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3 Differences Between Children’s Eye Exams And Adult Eye Exams

3 Differences Between Children’s Eye Exams And Adult Eye Exams

For both adults and children, comprehensive eye exams are an important part of your general health maintenance and assessment. Most of us have been looking at the letter charts in an optometrist's office since we were kids. But what many people do not realize is that you should go for eye exams consistently throughout your life. Your optometrist will not only check your vision, but comprehensive eye exams can also detect chronic health conditions and can potentially save your life. Vision and eye health are both such a critical part of learning and development, therefore comprehensive eye exams are extremely important for infants and children. Adults and seniors require comprehensive eye exams to ensure there are no signs of any eye-related diseases such as glaucoma and also to ensure that your vision has not changed. 

What To Expect During A Comprehensive Eye Exam For Both Children, Adults, And Seniors

Vision tests: While looking at an eye chart, your optometrist will check for nearsightedness, farsightedness, presbyopia, and astigmatism. If necessary, your eye doctor will determine a prescription for corrective lenses.

Coordination of eye muscles: Your eye doctor will use a light and move it in a set pattern to test your ability to use both eyes together.

Peripheral vision test: Your eye doctor will move an object to the edge of your field of vision to assess if you can see it.

Pupil response: Your optometrist will shine a light into your eye to see the pupil reaction.

Colour testing: Your eye doctor will ask you to describe figures in a series of illustrations made up of numerous coloured dots or circles to test your ability to differentiate between different colours.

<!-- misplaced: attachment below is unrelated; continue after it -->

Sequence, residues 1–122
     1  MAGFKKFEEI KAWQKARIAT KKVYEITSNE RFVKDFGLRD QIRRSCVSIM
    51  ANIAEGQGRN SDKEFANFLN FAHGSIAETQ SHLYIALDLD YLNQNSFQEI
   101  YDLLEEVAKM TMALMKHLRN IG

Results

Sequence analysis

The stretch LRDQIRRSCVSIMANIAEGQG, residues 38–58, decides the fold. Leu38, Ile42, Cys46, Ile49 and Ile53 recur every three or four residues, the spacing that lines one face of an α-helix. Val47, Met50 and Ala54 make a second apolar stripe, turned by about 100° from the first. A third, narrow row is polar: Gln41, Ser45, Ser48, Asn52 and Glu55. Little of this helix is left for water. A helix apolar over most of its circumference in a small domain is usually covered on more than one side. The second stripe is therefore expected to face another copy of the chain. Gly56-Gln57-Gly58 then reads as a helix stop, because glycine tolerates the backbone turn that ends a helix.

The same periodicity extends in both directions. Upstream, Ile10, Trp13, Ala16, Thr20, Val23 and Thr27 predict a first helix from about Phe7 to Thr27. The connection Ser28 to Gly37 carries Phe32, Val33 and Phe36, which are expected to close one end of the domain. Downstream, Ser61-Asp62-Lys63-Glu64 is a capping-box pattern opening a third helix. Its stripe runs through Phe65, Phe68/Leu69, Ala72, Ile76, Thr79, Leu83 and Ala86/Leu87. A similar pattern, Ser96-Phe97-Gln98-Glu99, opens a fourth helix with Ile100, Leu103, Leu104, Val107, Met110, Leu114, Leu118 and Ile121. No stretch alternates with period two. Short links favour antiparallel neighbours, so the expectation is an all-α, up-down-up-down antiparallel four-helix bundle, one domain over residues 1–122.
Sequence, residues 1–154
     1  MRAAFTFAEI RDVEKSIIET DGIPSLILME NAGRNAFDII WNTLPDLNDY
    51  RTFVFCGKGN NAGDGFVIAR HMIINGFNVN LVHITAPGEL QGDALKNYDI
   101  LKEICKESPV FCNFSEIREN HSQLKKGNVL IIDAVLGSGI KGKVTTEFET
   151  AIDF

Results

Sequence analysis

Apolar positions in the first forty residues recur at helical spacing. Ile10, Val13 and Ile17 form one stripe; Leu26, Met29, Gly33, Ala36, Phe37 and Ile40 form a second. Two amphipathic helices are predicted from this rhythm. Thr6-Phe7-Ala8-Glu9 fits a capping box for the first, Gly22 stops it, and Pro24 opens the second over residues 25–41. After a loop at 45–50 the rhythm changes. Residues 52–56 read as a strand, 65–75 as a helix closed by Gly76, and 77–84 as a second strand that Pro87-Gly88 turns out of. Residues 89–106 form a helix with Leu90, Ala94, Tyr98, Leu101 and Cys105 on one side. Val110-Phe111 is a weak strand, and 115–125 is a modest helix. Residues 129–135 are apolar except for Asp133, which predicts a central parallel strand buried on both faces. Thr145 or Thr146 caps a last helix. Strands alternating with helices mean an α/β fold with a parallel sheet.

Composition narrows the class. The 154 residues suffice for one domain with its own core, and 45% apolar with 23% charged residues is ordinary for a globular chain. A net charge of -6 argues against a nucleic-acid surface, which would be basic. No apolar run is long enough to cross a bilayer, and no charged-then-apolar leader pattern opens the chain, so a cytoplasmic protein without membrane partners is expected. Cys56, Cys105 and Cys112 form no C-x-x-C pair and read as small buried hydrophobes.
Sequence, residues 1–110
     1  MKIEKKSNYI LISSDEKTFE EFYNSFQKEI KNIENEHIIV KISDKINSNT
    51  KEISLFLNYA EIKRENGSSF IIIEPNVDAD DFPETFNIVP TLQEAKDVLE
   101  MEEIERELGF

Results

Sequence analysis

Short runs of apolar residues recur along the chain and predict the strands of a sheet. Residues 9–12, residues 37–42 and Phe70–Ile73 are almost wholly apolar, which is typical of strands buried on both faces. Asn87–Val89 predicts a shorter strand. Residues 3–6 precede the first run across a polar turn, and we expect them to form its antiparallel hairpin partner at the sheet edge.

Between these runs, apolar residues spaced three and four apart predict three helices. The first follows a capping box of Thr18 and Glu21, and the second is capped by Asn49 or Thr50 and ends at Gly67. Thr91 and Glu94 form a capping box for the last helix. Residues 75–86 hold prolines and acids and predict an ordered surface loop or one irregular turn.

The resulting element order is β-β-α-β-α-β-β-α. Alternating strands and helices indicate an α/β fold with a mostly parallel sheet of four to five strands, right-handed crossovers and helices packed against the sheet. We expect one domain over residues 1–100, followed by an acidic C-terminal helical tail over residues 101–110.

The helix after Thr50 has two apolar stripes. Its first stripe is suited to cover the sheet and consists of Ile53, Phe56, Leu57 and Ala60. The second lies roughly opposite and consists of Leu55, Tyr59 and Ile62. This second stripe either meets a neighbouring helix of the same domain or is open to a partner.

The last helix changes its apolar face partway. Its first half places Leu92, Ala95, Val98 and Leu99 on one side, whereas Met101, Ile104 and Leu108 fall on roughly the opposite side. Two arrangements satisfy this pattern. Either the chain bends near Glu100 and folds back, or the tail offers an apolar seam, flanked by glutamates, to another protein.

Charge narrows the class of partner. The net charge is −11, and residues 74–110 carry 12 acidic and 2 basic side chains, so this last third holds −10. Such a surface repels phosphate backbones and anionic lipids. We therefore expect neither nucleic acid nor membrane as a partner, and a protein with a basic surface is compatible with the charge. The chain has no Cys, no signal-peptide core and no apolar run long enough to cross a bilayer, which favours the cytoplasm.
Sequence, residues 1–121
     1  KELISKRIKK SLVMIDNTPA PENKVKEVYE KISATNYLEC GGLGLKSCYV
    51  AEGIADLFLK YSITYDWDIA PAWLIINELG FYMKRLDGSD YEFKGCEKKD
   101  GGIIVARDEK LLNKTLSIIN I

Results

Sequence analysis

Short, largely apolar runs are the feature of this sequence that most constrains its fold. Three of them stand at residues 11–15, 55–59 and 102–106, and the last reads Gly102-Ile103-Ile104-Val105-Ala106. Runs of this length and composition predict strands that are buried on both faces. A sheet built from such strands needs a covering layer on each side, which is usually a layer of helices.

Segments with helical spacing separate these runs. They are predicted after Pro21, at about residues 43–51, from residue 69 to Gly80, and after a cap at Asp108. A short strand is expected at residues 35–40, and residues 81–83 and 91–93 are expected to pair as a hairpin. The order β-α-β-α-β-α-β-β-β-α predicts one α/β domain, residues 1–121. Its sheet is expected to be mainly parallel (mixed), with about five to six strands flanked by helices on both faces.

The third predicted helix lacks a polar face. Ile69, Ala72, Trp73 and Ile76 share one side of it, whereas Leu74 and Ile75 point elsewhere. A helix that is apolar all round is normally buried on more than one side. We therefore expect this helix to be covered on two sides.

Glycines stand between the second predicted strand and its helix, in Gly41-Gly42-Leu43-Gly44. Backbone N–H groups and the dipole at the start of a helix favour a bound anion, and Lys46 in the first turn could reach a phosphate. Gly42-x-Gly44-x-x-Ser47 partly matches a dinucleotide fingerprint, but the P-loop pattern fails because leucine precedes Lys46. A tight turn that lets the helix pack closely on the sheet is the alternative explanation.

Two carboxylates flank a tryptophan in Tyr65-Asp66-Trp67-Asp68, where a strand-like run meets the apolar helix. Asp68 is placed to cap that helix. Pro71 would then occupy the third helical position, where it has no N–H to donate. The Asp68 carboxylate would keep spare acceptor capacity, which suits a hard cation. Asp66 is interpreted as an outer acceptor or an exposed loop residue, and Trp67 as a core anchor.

Interior eye check: After dilating your eyes, your optometrist will administer special eye drops and will use an ophthalmoscope to see through your retina and optic nerve at the back of your eye. This is how indicators of certain eye and health diseases can be found. 

Measurement of fluid pressure: With the use of a tonometer, your eye doctor will release a puff of air onto your eye. This will test the pressure inside of your eye to indicate if there are any signs of glaucoma or other diseases.

The Difference Between Children’s Eye Exams And Adult Eye Exams

From what an optometrist may look for, to what tools they use, here are three differences between a child’s eye exam and an adult eye exam:

Different Equipment Is Used
Many of us recognize a phoropter— a tool that resembles big binoculars and enables you to choose and answer questions in regards to how well you can see words and objects in front of you. For children, verbalizing what is blurry and what they can see clearly can be challenging so other tools are required to better determine the clarity of their vision. The use of an old-fashioned retinoscope can be used to measure the refractive error from a distance that is non- threatening to your child. This will allow for better communication and cooperation from your child during the eye exam.